Don’t be discouraged. The Marine Corps will always need new officers, and the best pool of applicants still have the chance to claim the title of Marine Officer. Things will balance out in the years to come.

Enjoy some beer while in the individual ready reserve

Enjoy Your Time In The Individual Ready Reserve

So you graduated college and got commissioned as a United States Marine Corps Officer, but what do you do if the Corps has decided to throw you into the individual ready reserve. If you were fortunate to get an assignment to The Basic School with only a few months to relax then you probably don’t have any worries. Move back home with the parents, or stay around school and keep working your day job. Sadly, that will not be the case for many new officers such as myself. With a 12+ month waiting period ahead of me there is no wonder I started this website in the first place. Fortunately, I am going to do my best to offer some advice to those who are scheduled to twiddle their thumbs for the foreseeable months.


Chances are you have a desire to put some money in the back, pay off some loans, pay rent, etc. The best, if not only, way you are going to be able to do that is by getting a job. I HIGHLY encourage those of you still in school to start looking months beforehand. Even if you already have a job that you enjoy there is no reason to sell yourself short. The last job I worked at college was doing technical support. I was very happy with the job, people, and better than average $14.00 an hour. However, that did not stop me from searching for new opportunities to use my degree. I applied for a job as a computer engineer in December of 2012. It wasn’t until March of 2013 that I was contacted. A month later I did a series of interviews and two weeks after graduating in June I started as an engineer. I don’t say this to be boastful, rather I want you to understand that it takes a long time to find a good job. If you put it off the opportunities for short term employment will shrink.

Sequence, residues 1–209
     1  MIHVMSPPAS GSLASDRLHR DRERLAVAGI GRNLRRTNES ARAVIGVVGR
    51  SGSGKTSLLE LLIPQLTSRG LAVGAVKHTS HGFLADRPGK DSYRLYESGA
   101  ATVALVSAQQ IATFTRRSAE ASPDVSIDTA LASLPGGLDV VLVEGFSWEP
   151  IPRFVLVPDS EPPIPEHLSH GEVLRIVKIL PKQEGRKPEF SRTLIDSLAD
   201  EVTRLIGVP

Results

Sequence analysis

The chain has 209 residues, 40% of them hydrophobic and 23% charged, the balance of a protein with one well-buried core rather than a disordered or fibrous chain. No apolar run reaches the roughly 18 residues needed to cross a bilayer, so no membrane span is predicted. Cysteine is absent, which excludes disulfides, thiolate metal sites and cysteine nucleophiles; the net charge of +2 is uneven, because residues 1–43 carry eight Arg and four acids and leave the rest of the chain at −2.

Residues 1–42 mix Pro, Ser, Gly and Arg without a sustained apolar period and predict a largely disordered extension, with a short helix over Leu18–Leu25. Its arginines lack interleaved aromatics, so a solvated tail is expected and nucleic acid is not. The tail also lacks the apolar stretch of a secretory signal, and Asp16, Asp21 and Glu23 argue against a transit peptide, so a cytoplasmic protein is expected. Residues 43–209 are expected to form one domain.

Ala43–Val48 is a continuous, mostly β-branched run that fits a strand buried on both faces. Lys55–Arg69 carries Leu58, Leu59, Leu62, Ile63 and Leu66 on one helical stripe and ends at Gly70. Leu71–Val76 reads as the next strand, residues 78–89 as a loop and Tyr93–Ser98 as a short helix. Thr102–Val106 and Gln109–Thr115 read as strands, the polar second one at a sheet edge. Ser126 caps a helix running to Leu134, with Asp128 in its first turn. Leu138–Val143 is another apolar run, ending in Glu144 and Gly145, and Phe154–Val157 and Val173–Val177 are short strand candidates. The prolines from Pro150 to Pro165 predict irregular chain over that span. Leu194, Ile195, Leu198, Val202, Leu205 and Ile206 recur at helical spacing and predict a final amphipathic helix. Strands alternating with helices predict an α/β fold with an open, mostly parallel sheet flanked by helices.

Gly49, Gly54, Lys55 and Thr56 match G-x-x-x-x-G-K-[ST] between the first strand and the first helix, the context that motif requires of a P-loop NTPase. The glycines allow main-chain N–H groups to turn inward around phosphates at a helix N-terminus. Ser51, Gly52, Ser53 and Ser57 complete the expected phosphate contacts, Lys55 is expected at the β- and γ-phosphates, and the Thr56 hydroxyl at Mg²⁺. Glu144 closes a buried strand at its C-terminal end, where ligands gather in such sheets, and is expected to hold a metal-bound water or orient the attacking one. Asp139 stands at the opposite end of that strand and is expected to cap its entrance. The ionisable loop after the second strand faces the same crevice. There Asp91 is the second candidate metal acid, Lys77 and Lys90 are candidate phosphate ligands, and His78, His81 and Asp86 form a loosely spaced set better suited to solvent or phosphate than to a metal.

Enjoy some time as a fat body

Hopefully you ended senior year in peak physical condition. If so, I would say take some time to live a little. IRR is horrible in so many ways, but it does give us some time to relax and enjoy a purely civilian life. Criticize me in the comments all you want, but I say eat fried pork and drink beer to your hearts desire. There will be a day when you need to turn the fun off and get back in some boots. DON’T SHOW UP TO TBS A FAT BODY!

Travel. Explore. Disappear.

Marines in the ready reserves don’t get much from our military status, but they do get Space-A! If you don’t know, Space-A is a way for service members and their families to travel on military flights at a low cost. Unfortunately, I haven’t had the chance to use this great benefit, but I do know it is available. Consider getting together with some fellow graduates and taking a trip somewhere. It could be a flight across the world, or a road trip for a few days. There will not be another opportunity for you to do this for years. Who knows you might not get the chance to travel freely and without worry until you retire.